From this point on, Grant finds himself completely at the mercy of strangers whose aggressive hospitality he can’t refuse and that means matching them drink for drink in the long hours that run into the dawn. Days become weeks as Grant sinks into an alcoholic haze and chance encounters that take him deeper and deeper into the Outback, culminating in a nighttime kangaroo hunt which becomes a test of his manhood. The horror doesn’t end there though. Like Joseph Conrad’s Heart of Darkness, Wake in Fright explores the fine line between civilized behavior and savagery and the effect is not life-affirming. A more brutal, primeval vision of a closed male society, remote and isolated, is hard to imagine. Women barely exist in this universe. In fact, with the exception of the schoolchildren at the beginning, there are only three female characters in the movie – a detached hotel clerk, a barmaid and the lost, defeated wife of one of the men who befriends Grant. They are all practically invisible in this manly world of blood sports, drinking, brawling and gambling. It’s a place where no moral compass exists or room for self-reflection.
In Cook’s view, the Outback is a place that is vehemently anti-intellectual and anti-feeling; everything is dulled by alcohol and only the baser instincts are intact. The macho behavior on display is, in fact, exaggerated due to the absence of women and Kotcheff, in the DVD commentary, states that men outnumber women three to one in the Outback. He also noted that the suicide rate for women in the region is five times the national average, an understandable fact when you consider the harsh conditions of the region.
Part of the film’s power can be attributed to the stellar cast and top billed Donald Pleasence gives what I feel might be his greatest performance as Doc Tydon. Though he is essentially a supporting character, he serves as a prophetic warning to Grant. This debased human being was once a functioning member of society like the schoolteacher but the Outback “freed” him to become himself. “I’m a doctor of medicine and a tramp by temperment and also an alcoholic,” Tydon admits almost gleefully to Grant.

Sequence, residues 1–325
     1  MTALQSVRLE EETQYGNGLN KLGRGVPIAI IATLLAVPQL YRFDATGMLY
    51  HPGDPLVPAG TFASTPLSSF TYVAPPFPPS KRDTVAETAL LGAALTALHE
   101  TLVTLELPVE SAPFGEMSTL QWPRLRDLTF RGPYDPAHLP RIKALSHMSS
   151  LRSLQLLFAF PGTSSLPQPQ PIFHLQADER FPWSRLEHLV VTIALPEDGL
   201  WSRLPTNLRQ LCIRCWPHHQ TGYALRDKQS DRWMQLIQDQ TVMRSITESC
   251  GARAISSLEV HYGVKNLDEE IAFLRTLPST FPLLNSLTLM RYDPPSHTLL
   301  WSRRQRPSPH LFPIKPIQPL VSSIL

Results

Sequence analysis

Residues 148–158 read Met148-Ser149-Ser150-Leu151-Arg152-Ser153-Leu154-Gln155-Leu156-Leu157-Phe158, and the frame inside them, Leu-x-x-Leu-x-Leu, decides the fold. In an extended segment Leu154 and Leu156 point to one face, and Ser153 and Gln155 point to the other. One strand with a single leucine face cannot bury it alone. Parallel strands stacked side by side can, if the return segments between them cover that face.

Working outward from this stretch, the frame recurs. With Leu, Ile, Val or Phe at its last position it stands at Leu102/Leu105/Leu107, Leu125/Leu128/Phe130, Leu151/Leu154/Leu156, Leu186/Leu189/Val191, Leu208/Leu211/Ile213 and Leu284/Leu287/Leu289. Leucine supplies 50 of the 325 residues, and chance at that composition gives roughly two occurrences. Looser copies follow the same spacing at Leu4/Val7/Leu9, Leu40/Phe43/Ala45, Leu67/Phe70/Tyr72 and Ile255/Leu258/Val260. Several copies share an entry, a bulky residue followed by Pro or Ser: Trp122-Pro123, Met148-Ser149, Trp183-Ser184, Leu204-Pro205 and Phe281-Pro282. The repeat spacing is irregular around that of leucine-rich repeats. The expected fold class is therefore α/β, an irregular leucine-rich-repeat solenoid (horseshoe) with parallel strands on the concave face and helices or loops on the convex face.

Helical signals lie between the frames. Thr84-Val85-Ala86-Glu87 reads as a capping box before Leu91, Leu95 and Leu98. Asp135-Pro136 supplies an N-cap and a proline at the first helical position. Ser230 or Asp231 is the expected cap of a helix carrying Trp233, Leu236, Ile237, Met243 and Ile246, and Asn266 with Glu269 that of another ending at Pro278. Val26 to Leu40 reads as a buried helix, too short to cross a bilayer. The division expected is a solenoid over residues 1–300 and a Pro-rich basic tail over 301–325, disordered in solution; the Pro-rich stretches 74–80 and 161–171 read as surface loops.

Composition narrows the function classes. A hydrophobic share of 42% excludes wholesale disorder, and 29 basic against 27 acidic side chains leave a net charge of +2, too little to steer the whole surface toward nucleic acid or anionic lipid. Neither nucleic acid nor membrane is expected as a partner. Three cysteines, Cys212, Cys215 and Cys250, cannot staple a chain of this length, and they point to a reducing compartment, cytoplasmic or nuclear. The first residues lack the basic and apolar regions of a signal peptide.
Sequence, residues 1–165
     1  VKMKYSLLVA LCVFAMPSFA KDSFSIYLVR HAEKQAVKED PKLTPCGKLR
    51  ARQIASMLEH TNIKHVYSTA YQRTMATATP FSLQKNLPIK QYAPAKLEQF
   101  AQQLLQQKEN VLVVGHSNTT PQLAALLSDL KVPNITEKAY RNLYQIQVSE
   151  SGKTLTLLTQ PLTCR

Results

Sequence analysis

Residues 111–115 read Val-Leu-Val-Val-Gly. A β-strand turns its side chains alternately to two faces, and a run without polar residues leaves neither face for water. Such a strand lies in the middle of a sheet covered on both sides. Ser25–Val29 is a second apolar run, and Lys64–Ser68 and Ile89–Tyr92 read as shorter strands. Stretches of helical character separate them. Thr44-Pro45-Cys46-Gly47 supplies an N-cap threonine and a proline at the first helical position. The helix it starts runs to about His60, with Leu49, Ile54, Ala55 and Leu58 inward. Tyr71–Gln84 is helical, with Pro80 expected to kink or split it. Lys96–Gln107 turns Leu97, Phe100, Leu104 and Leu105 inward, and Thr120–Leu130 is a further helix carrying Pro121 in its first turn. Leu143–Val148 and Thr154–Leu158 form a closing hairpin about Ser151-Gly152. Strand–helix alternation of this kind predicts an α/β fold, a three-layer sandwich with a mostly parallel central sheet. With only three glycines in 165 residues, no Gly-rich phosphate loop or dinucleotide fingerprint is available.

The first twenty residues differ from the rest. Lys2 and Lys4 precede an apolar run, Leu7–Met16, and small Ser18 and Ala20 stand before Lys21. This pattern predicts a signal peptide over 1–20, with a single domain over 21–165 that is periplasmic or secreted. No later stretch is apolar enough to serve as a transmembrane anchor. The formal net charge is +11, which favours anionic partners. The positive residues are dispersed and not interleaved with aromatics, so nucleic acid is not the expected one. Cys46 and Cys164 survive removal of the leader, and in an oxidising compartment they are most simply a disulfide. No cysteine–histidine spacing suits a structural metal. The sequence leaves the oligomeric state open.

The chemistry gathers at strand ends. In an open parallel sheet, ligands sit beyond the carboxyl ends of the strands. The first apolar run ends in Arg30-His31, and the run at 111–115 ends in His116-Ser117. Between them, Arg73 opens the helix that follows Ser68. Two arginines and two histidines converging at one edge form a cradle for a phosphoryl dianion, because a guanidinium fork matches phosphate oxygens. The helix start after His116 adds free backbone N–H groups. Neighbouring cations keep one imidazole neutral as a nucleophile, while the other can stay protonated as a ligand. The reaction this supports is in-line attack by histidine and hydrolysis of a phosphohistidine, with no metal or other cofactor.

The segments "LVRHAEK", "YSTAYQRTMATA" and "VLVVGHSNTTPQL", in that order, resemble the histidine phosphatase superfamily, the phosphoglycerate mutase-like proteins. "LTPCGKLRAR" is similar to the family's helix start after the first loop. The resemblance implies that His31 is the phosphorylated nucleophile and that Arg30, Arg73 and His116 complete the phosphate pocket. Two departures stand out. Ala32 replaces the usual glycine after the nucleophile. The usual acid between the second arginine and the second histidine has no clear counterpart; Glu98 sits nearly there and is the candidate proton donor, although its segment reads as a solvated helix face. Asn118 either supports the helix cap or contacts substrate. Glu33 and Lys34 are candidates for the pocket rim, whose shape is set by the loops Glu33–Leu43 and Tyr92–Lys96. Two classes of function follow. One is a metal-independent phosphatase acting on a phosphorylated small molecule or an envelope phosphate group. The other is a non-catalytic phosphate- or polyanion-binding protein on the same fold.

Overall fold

Chips Rafferty, one of the most famous and iconic actors in Australian cinema, is equally memorable as Jock Crawford, a formidable community leader in the “Yabba” who takes Grant on a tour of the local attractions. Crawford’s subtle contempt for this city bred outsider is hard to ignore and adds a sinister tension to their scenes together (this was Rafferty’s last film role; he died a few months after filming).
Sylvia Kay (Kotcheff’s wife in real life) makes the most of her brief scenes and is alternately pitiful and poignant in the bleak sequence where she attempts to seduce Grant in the desert while her husband and his blokes get roaring drunk. She lies down on the hard ground, mute but longing for sex and human contact and Grant’s drunken reaction – he vomits while trying to penetrate her – is typical of the film’s underlying sense of despair.
Wake in Fright also features Jack Thompson in his feature film debut as a testosterone-driven hunter; the actor would go on to become one of his country’s top stars appearing in such critically acclaimed films as Sunday Too Far Away (1975), The Chant of Jimmy Blacksmith (1978) and Breaker Morant (1980).
Last but not least is Gary Bond as the ill-fated John Grant. Bond is not that well known outside of his native England where he was a popular and prolific actor on television series like The Main Chance and BBC Play of the Month. He worked on American TV series as well but his film work was minimal with small roles in Zulu (1964) and Anne of the Thousand Days (1969). Wake in Fright remains his only major film role (he died in 1994 after a long battle with AIDS). Bond is perfectly cast as the repressed, weak-willed central character and bears some physical similarities to Richard Chamberlain. If there is a flaw in the film, it is the fact that John Grant remains a cipher from beginning to end. Despite everything that happens to him, you don’t know at the fadeout whether he has become a numb shell of a man or simply blotted out his horrendous ordeal and returned to his boring life of servitude to the state.
I was surprised to learn in the DVD audio commentary for Wake in Fright that Dirk Bogarde had originally been cast in the film with Joseph Losey slated to direct. Now THAT would have been an entirely different film. It didn’t work out of course and there were later rumors that James Mason was going to be cast in the role of Doc Tydon, the part that Pleasence played.